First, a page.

Meghan Stabile, who saw jazz and hip-hop as genres that could be cross-pollinated and who, hoping to bring jazz to younger audiences, started a very low-end business producing concerts that explored the intersection of the two , died June 12 in Valrico, Florida. She was 39 years old.
Maureen Freeman, her grandmother, said the cause was suicide. She said that Ms. Stabile had recently moved to Valrico in the hope that it might help her fight depression.
Ms. Stabile began producing shows while still a student at Berklee College of Music in Boston. She decided to call them Revive Da Live, a name that, at a time when turntables were dominant, captured her interest in backing hip-hop artists with jazz musicians performing live.
“It’s an organic hybrid,” he told The Boston Globe in 2012. “Jazz is in the DNA of hip-hop.”
Once he moved to New York in 2006, he continued to host Revive Da Live events and formed the Revive Music Group, which produced shows, created an online forum called Revivalist, and released several albums in association with Blue Note Records, the prominent jazz label. . .
Ms. Stabile usually worked outside of the jazz mainstream, booking shows at small clubs, but gradually became something of a force in New York.
“In the past year and a half,” wrote The New York Times in 2013, “she has become a presence in town: hiring, promoting, cajoling, mentoring and mentoring young musicians, many of whom are still finding their feet. road. ”
Don Was, now president of Blue Note Records, told The Times that he had first encountered Stabile two years earlier, when he joined the label as creative director and set out to find what was new in jazz.
“I started going online, four or five hours a night,” he said.
“And invariably,” he continued, “every thread I followed led back to Meghan’s site. So night after night, she seemed to be at the center of the energy.”
He was also producing shows in Boston and elsewhere. The goal, as she explained to The Globe, was to energize the jazz scene and connect it with hip-hop-educated audiences. A Revive Music show at Berklee in 2012, for example, was called “Hip Hop 1942” and featured ensembles playing jazz tunes and then showing how they had been sampled by hip-hop artists.
“It’s important to honor the tradition of music, and we still have shows that do that,” he told The Globe. “But we also have to honor the music of today and make it more relevant.”
Blue Note posted a tribute to her on Twitter.
“Beloved by the musicians she worked so hard for,” the post said, “she was a passionate advocate for jazz who built a vibrant scene around music and gave so many deserving artists a platform.”
Meghan Erin Stabile was born on July 26, 1982, in Grand Prairie, Texas, the daughter of Gina Marie Skidds. Her father was not a part of her upbringing and she was raised largely by Mrs. Freeman and an aunt in Dover, NH. Her relationship with her mother, who died last year, was rocky, she told The Times in 2013, and that gave her a testy quality.
“I got kicked out of four schools: three high schools and one middle school,” he said. “To fight. I went through a lot and I made it through. It didn’t break me. So always having that strength has been able to get me out of any kind of situation.”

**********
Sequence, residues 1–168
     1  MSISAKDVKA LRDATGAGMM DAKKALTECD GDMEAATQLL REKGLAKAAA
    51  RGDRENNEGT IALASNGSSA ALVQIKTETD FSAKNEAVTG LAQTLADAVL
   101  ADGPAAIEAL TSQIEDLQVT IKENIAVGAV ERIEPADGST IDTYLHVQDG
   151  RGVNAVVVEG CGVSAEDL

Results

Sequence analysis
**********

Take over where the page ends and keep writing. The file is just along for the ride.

He entered Berklee as a singer and guitarist, but, Freeman said in a telephone interview, he couldn’t get over stage fright and soon turned to the music business. She also got a job as a waitress at Wally’s Cafe, a jazz club in Boston, and began to absorb the jazz scene.
He began producing, his grandmother said, “with nothing but his brain and a pencil,” adding that he particularly liked helping emerging musicians, though he never had much money.
“He did everything he did,” Freeman said, “but it was always a mess.”
As Ms. Stabile’s reputation grew, some of her shows were held in good-sized venues. In 2013, for example, she booked the 19-piece Revive Big Band at the Highland Ballroom in Manhattan and lined up dancer Savion Glover to appear with it. But an event like that disproved the cane operation of one of her.
“The exterior illusion is great,” he told The Times. “Everyone thinks we are this big business. But look, it’s me sitting here.
In 2013, Ms. Stabile entered into a deal to produce and curate records for Blue Note, resulting in Revive Music Presents: Supreme Sonacy Vol. 1, released in 2015.
“The idea of a variety of modern jazz that is versed in hip-hop, as a matter of course, rather than calculation, dominates much of this music,” wrote Nate Chinen reviewing that record in The Times.
Ms. Stabile had scaled back her production activities in recent years, focusing on her own health. But in a 2017 interview with the CQP website, she said that she thought her work over the years had helped connect two disparate worlds.
“When I started promoting shows, I had to learn how to market specifically to jazz fans and specifically to hip-hop fans,” he said. “I had to find ways to attract them. If he called it a jazz show, then hip-hop fans wouldn’t buy tickets. If I called it a hip-hop show, jazz heads wouldn’t buy tickets.
“So I had to create a new narrative from scratch. Once we got them into the room, once they heard the music, there was no denying how cool it was.”
In addition to her grandmother, Ms. Stabile is survived by a brother, Michael Skidds, and a sister, Caitlyn Chaloux.
Ms. Freeman said that although Ms. Stabile had scaled back her production activities, she had a long-term goal inspired by her own struggles.
“I wanted to promote a wellness center for jazz musicians,” he said, “so that when they didn’t have a concert and they were struggling, they could go to his center.”